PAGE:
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Zhejiang (Chinese: 浙江村; pinyin: Zhèjiāngcūn "Zhejiang Village") was a community of migrant workers around the Nanyuan-Dahongmen area, within Fengtai District, Beijing. These workers originated from Zhejiang, with most of them from Wenzhou.[1][2][3][4]


Liu Xiaoli and Liang Wei, authors of "Zhejiangcun: social and spatial implications of informal urbanization on the periphery of Beijing," wrote that the Lu Brothers, who originated from Qingjiang district, Yueqing county, Zhejiang, were "said" to be the founders of Zhejiangcun. In 1982 they had stopped in Beijing on a journey from Inner Mongolia back to their hometowns. They set up a stand to sell overstocked goods in proximity to the Qianmen underground passageway and found a high volume of sales. Instead of returning to Wenzhou they rented a room in a peasant's house and opened a business there. A governmental open door policy to commerce and industry was established in Beijing in 1983, increasing the influx of businesspeople. A lot of immigrants came from Wenzhou because that city had a strong tradition of business.[5]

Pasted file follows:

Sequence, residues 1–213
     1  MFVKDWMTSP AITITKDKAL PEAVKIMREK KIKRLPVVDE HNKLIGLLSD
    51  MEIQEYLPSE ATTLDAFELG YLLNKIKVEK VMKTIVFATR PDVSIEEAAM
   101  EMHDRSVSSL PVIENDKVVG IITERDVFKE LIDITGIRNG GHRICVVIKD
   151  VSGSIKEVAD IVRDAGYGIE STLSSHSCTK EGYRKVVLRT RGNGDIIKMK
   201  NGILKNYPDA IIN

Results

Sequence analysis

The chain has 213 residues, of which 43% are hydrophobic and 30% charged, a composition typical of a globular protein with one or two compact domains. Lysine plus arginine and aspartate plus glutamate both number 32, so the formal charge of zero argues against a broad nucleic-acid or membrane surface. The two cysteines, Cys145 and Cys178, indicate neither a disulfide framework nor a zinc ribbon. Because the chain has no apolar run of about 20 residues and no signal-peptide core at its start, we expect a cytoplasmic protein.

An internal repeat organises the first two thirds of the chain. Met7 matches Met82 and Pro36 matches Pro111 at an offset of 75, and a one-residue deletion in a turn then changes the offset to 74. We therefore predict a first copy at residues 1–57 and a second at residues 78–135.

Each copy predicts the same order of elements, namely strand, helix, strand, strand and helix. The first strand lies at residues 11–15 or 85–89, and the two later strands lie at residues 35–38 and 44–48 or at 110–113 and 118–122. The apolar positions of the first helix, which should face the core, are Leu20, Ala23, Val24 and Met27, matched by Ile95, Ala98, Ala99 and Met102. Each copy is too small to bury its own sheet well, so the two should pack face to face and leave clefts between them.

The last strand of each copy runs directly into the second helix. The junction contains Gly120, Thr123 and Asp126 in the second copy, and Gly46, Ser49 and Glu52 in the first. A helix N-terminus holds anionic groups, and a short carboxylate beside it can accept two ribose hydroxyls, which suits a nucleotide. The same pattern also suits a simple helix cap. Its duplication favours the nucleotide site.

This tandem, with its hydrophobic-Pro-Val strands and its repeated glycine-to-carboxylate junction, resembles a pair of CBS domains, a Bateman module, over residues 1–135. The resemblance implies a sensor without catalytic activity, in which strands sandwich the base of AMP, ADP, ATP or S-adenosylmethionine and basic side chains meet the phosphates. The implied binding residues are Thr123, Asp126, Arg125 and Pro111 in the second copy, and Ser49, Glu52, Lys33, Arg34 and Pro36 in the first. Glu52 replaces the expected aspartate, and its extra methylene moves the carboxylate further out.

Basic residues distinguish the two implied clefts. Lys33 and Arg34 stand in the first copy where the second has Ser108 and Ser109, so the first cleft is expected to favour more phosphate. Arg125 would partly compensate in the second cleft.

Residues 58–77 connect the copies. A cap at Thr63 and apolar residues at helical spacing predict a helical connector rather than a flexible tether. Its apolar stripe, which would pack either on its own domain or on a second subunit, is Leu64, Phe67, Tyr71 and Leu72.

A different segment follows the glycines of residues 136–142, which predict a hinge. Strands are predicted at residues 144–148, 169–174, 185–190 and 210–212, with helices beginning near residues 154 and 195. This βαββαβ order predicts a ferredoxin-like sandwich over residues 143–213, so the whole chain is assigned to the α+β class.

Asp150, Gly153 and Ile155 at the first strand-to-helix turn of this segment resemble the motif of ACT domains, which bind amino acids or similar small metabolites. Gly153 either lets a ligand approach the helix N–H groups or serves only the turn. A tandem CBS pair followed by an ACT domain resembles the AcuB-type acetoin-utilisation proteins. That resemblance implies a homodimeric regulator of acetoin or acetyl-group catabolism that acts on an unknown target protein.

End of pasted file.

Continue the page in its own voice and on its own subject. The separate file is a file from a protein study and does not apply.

In November 1995 the authorities demolished large segments of the Zhejiangcun settlement.[1]


The historical community, around the Nanyuan-Dahongmen area, covered 24 administratrive villages. The central portion of the area included the municipal villages of Dahongmen, Dongluoyuan, Ganyuan, Shicun, and Shiliuzhuang. Its borders were Muxiyuan to the north, Majiapo to the south, Chengshou Temple to the east, and Dahongmen to the south. The primary commercial street of Zhejiangcun was Dahongmen Street, which is 20 metres (66 ft) wide. The centermost part of Zhejiangcun consisted of the municipal sub-villages of Shicun: Dengcun, Houcun, and Macun.[1]

Pre-November 1995 Dahongmen Street included small retail shops selling clothing and wholesale markets. A 150-square-metre (1,600 sq ft) open air market was located on a 100 metres (330 ft) street in Macun. This market was demolished in November 1995.[1]


The pre-November 1995 estimates stated that 100,000 migrant workers lived in the community. 80% originated from Wenzhou, Zhejiang.[1]

See also[edit]

Text for multiple references[edit]


  1. ^ a b c d e Liu, Xiaoli and Liang Wei, p. 98.
  2. ^ Isabelle Thireau (ed), De Proche en proche. Ethnographie des formes d’association en Chine contemporaine (Face-to-Face. An Ethnography of Forms of Association in Contemporary China), Berne, Peter Lang, 2013, 317 pp.
  3. ^ Urbanization in China - The Migrant Side
  4. ^ Michael Dutton, Hsiu-ju Stacy Lo, Beijing Time, (2008) Harvard University Press.
  5. ^ Liu, Xiaoli and Liang Wei, p. 99.